Almost Random Notes, Part 19
1. The Paris Review: At your next oppportunity, run to the nearest good bookstore and buy a copy of the latest issue of The Paris Review. The interview with novelist Marilynne Robinson is, alone, worth the cover price. I highlighted a good number of her responses to interviewer Sarah Fay's questions, including this one:
[The protagonist in Gilead, pastor John] Ames says that in our everyday world there is "more beauty that our eyes can bear." He's living in America in the late 1950s. Would he say that today?
You have to have a certain detachment in order to see beauty for yourself rather than something that has been put in quotation marks to be understood as "beauty." Think about Dutch painting, where sunlight is falling on a basin of water and a woman is standing there in the clothes that she would wear when she wakes up in the morning––that beauty is a casual glimpse of something very ordinary. Or a painting like Rembrandt's Carcass of Beef, where a simple piece of meat caught his eye because there is something mysterious about it. You also get that in Edward Hopper: Look at that sunlight! or Look at the human being! These are instances of genius. Cultures cherish artists because they are people who can say, Look at that. And it's not Versailles. It's a brick wall with a ray of sunlight falling on it.
At the same time, there has always been a basic human tendency toward a dubious notion of beauty. Think about cultures that rarify themselves into courts in which people paint themselves with lead paint and get dumber and dumber by the day, or women have ribs removed to have their waists cinched tighter. There's no question that we have our versions of that now. The most destructive thing we can do is act as though this is some sign of cultural, spiritual decay rather than humans just acting human, which is what we are doing most of the time.
Add to the Robinson interview a long piece by Jean Hatzfield on the aftermath of the genocide in Rwanda, an "oral history" of the early days of the Paris Review, and poems by Robert Bly, Paul Guest, Bruce Smith, and others, and you have a remarkable, highly readable issue of this premier literary journal, which (my opinion, of course) seems at last to be finding its way under editor Philip Gourevitch.
2. Today's New York Times Book Review: The history of the Paris Review excerpted therein is drawn from George, Being George: George Plimpton's Life as Told, Admired, Deplored, and Envied by 200 Friends, Relatives, Lovers, Acquaintances, Rivals––and a Few Unappreciative Observers, edited by Nelson W. Aldrich, Jr., which also has the cover of this morning's New York Times Book Review.** In his review, Graydon Carter writes, "Another WASP trait George carried was an almost allergic reaction to introspection. He was offered $750,000 for his memoirs, but felt he had written so much about his life already that he's just be 'putting nails in the coffin.' Sometime after the offer came in, James Scot Linville recalled seeing a quotation from Verlaine in his [Plimpton's] diary that had been left open on his desk. 'When one goes on a journey of self-exploration, one should go heavily armed.' George would often complain that because of the review and the need to make money, he never got around to writing the Big Book, to enter the Pantheon of the greats the way Mailer and Styron had. 'I could have been a contender,' Maggie Paley remembers him saying, 'If I hadn't done the Paris Review, I could have been a major writer.' "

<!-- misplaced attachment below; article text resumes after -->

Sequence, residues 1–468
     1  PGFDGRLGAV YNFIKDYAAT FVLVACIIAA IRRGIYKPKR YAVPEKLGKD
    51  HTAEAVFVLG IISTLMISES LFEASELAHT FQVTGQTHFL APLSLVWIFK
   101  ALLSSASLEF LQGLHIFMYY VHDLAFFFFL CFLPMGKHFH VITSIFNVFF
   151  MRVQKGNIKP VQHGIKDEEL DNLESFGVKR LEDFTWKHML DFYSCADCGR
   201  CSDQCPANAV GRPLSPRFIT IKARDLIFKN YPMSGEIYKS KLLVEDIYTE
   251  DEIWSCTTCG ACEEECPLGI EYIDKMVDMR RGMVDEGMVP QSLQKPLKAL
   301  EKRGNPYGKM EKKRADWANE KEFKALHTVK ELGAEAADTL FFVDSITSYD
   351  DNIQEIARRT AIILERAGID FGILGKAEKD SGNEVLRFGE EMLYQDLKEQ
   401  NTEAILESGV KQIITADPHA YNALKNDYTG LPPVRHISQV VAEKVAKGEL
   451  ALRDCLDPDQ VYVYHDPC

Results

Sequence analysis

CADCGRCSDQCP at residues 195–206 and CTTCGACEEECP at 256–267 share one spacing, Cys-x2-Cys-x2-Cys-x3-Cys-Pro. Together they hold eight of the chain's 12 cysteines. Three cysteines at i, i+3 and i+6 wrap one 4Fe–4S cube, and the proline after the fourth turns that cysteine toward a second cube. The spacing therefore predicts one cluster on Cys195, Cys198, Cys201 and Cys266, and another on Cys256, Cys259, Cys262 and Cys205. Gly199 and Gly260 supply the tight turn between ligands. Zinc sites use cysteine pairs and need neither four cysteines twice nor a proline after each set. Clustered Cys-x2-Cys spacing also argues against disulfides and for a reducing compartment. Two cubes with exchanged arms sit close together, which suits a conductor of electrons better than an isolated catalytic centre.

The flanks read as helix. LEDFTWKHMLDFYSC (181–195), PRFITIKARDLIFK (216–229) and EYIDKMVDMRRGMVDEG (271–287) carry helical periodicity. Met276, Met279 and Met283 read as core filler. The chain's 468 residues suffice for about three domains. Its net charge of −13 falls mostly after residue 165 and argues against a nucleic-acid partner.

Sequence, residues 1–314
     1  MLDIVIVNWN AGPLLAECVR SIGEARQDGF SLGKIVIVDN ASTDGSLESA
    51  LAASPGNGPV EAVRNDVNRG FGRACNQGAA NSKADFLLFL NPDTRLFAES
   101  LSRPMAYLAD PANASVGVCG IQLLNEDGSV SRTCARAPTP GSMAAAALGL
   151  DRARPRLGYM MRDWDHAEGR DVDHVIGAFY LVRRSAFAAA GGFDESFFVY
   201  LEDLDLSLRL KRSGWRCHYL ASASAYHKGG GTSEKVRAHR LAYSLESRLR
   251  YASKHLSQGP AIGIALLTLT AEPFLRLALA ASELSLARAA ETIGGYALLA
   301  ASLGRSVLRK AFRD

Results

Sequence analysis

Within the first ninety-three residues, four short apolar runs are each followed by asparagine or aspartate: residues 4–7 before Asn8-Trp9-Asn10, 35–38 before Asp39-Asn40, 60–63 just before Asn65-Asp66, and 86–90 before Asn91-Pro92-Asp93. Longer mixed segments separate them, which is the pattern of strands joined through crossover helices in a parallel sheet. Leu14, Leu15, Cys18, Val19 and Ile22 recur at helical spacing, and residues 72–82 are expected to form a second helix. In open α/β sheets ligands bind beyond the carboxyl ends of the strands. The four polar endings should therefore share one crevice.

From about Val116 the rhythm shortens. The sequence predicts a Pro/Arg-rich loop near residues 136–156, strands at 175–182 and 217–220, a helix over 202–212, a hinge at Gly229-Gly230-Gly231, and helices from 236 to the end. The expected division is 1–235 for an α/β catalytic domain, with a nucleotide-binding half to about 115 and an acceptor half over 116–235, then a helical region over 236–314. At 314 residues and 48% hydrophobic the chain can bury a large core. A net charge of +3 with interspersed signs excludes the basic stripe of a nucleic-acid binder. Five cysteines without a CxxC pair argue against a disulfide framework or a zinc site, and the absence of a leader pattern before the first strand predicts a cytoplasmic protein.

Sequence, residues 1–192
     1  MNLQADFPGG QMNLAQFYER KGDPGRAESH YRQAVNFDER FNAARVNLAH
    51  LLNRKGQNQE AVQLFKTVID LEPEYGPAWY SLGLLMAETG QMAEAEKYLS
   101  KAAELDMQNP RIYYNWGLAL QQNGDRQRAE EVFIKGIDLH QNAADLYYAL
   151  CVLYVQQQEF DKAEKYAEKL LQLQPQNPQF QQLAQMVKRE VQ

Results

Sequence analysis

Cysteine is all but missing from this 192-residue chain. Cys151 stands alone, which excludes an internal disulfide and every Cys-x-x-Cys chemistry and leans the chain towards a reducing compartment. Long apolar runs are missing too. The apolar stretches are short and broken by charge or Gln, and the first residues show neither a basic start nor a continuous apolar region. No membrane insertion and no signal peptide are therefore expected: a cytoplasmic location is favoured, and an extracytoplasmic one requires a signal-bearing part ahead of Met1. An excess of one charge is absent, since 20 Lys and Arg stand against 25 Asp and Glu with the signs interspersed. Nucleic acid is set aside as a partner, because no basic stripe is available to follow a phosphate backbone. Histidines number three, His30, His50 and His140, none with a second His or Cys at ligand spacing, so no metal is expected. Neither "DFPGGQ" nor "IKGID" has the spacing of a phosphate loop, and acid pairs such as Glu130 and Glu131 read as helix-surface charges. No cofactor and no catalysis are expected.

I met Plimpton briefly in Key West many years ago, and liked him. He struck me then as having the personality of an editor and collector of people, rather than as a great writer, but those were the roles he had assumed for himself. He was fiercely bright, and who knows, perhaps he could have written the great American novel had he made the time to do so.
But then, who would have been our George Plimpton?